So what was my biggest takeaway from finally attending a genealogy conference after having been a genealogy researcher and enthusiast for a few decades?

Well, it was a surprise to me.  It was not all the varied and valuable information from experts I was exposed to, or the ideas for new approaches to my research, or even the new tools and resources I learned about.  Though all these are excellent reasons for deciding to invest the time and funds necessary to attend a genealogy conference, it is now possible in this age of computer technology to seek out and obtain many of these aspects of a genealogy conference from the comfort and convenience of one's home.

The takeaway that I have come to realize is the unique aspect -- and the greatest thing -- about a genealogy conference, the ingredient that cannot be obtained other than through actual attendance, is at once subtle and yet profound. At the risk of sounding too "New Agey," the takeaway for me was the presence of so many people gathered for a single purpose and the energy and enthusiasm they generated and maintained for 3 - 4 solid days! One cannot get this online.  You have to be immersed in it and swim in it. You have to walk among the participants and listen to the patois floating up from the numerous conversations .  .  .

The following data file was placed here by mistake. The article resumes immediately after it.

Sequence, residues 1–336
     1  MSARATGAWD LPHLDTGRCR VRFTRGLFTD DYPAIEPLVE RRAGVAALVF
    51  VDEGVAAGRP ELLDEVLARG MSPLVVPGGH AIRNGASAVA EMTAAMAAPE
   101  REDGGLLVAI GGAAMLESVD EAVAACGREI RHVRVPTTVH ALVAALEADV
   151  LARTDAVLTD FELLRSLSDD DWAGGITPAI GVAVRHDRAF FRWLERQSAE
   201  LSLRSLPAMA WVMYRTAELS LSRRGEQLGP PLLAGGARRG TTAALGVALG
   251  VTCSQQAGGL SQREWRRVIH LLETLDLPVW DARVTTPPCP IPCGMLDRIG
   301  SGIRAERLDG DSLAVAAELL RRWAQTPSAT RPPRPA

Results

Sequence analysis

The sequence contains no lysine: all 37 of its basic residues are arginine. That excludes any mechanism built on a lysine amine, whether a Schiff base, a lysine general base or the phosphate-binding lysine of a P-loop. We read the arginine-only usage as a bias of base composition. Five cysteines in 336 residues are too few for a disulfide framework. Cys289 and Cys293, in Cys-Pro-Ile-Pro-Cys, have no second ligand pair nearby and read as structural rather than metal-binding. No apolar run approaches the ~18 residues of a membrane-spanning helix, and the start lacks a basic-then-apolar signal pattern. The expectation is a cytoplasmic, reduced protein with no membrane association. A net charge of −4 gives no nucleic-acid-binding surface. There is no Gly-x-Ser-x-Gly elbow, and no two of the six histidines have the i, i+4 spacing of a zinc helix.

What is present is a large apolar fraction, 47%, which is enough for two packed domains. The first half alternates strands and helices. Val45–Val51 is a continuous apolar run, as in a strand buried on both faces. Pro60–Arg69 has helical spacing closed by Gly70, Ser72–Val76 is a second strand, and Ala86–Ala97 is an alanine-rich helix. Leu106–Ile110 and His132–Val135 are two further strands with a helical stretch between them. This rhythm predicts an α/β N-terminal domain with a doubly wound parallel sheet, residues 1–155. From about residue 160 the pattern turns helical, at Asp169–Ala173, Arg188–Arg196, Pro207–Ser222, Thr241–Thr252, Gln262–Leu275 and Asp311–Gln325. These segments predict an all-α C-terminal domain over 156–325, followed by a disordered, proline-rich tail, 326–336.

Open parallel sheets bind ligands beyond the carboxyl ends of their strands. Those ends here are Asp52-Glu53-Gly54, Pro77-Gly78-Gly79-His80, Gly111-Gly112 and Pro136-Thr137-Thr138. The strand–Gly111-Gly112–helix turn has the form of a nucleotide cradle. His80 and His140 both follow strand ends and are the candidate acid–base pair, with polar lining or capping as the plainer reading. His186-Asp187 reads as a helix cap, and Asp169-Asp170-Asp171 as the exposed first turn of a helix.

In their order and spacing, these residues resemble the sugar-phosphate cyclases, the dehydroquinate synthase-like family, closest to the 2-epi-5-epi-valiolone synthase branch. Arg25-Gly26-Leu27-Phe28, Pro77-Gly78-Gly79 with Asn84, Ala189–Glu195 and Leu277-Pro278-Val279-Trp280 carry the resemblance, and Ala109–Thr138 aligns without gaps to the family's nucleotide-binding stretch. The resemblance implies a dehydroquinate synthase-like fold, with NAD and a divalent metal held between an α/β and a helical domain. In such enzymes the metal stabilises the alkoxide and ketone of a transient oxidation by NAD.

"my 3rd cousin twice removed"
"atDNA" (autosomal DNA)
"my 6 times great grandparents"
"the GPS"
"ancestor"
"mtDNA" (mitochondrial DNA)
"daughtered out"
"non-parental event"
"NEHGS"
"brick walls"
"artifact"
"descendant"

It is then you realize that you are truly among "your people" absorbed in the same shared interest. You realize you can talk and listen to all things genealogy and no eyes glaze over (like the eyes of many family members do at holiday gatherings). 😀  It is the same experience that die-hard sports fans have when attending a contest in a stadium rather than watching alone on TV.

And after a few days of being with your people at a genealogy conference you realize that your genealogy juices are flowing again, you are energized and motivated to get back to your research and your trees.  You want to tackle that brick wall yet again -- and probably with some new approach you learned about from others at the conference.  In short, you realize the conference and the energy generated by the presenters and the participants has rejuvenated and invigorated your enthusiasm for genealogy and you cannot wait to get back to the detective work of discovering and documenting your family history.

You have experienced the greatest thing about genealogy conferences!

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Photograph of the MassMutual Center in Springfield, Massachusetts (site of NERGC 2017) by the author.